Discount venture brands:Self-congruity and perceived value-for-money?

Baker, T.L. and Chari, S. and Daryanto, A. and Dzenkovska, J. and Ifie, K. and Lukas, B.A. and Walsh, G. (2020) Discount venture brands:Self-congruity and perceived value-for-money? Journal of Business Research, 116. pp. 412-419. ISSN 0148-2963

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Grocery retailers have begun to target price conscious consumers with a new type of budget brand, called discount venture brands. These brands are exclusive to the retailer but, unlike traditional private-label brands, do not display retailer branding at all. Sharing the same price point as economy private-label brands, the aim of discount venture brands is to attract customers with an overall look-and-feel that is not explicitly premium, yet is more attractive than that of conventional budget brands. Drawing on the self-congruity literature, the authors explore two questions: (1) whether customers perceive discount venture brands to offer greater value-for-money than conventional budget brands; and (2) whether such perceptions translate to customer impressions about the retailer brand? Results from a scenario-based experiment involving 505 participants suggest that, in comparison with conventional budget brands, discount venture brands may be less conducive to engendering favorable value-for-money perceptions; in short, discount venture brands may be less effective than conventional budget brands. This finding can be explained with a concept called self-congruity. Overall, we show that self-congruity acts as an indirect-only mediator of the path between the type of a brand and value-for-money perceptions of the brand. Particular findings are that self-congruity has a positive effect on value-for-money perceptions associated with conventional budget brands, discount venture brands, and the retailers selling those brands. However, for consumers with a preference for brands with a budget price point, self-congruity appears to be higher for conventional budget brands than discount venture brands; and this difference in self-congruity is more pronounced when shopping for others than when shopping for oneself.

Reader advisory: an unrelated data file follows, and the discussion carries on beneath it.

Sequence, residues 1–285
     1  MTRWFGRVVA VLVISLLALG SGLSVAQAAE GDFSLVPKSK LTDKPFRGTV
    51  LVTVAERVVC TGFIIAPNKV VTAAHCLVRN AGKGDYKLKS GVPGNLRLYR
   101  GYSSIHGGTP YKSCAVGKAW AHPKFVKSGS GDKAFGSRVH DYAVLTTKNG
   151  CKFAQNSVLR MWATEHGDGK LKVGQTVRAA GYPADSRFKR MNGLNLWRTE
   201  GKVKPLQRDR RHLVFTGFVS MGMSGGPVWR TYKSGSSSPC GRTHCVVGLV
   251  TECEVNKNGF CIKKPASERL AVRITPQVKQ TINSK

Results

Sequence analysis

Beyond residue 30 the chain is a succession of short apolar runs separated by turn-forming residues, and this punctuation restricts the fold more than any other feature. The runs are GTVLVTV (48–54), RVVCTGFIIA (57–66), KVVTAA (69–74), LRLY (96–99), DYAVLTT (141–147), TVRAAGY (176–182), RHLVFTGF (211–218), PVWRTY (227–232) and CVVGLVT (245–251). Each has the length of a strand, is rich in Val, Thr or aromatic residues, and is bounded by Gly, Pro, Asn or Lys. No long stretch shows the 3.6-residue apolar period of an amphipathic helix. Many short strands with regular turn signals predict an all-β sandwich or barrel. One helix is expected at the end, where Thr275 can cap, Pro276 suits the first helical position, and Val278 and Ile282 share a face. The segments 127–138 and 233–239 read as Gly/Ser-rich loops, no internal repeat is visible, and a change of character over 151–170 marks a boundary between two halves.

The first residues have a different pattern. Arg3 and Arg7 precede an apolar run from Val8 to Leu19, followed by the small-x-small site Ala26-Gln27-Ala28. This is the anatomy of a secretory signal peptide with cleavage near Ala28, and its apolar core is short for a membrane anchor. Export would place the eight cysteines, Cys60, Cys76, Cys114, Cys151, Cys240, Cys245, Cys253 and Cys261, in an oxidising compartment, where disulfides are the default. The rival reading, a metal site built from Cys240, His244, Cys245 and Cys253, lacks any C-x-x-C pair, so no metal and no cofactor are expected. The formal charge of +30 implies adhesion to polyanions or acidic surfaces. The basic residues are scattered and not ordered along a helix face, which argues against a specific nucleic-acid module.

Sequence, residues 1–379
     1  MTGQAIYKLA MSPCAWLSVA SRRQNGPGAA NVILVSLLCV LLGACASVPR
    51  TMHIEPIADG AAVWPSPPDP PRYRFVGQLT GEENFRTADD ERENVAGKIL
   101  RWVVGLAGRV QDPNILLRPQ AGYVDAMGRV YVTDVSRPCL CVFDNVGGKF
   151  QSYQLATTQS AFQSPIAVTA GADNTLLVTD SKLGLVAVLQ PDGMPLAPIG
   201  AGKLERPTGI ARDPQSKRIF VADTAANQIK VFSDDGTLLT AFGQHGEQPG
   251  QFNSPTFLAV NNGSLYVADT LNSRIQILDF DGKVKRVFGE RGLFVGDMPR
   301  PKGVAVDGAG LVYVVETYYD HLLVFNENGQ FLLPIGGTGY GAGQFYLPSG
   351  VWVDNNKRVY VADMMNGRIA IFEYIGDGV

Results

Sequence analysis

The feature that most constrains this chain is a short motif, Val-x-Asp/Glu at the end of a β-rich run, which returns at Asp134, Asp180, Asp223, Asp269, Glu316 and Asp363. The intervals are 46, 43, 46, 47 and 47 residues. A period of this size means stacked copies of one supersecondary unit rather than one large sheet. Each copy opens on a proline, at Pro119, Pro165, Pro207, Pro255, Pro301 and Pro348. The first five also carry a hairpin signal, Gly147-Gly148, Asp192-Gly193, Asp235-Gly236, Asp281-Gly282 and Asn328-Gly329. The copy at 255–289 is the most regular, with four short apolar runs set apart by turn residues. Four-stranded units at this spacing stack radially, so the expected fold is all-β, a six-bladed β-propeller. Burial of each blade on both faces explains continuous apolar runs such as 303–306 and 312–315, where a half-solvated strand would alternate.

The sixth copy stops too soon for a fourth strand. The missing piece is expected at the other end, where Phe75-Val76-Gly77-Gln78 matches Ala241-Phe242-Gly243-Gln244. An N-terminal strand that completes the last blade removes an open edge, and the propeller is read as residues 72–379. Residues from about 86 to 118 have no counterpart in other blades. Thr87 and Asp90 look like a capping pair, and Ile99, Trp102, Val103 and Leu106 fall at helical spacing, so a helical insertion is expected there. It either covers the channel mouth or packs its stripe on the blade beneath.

Item Type:
Journal Article
Journal or Publication Title:
Journal of Business Research
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This is the author’s version of a work that was accepted for publication in Journal of Business Research. Changes resulting from the publishing process, such as peer review, editing, corrections, structural formatting, and other quality control mechanisms may not be reflected in this document. Changes may have been made to this work since it was submitted for publication. A definitive version was subsequently published in Journal of Business Research, 116, 2019 DOI: 10.1016/j.jbusres.2019.07.026
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12 Aug 2019 13:45
Last Modified:
20 Sep 2023 01:25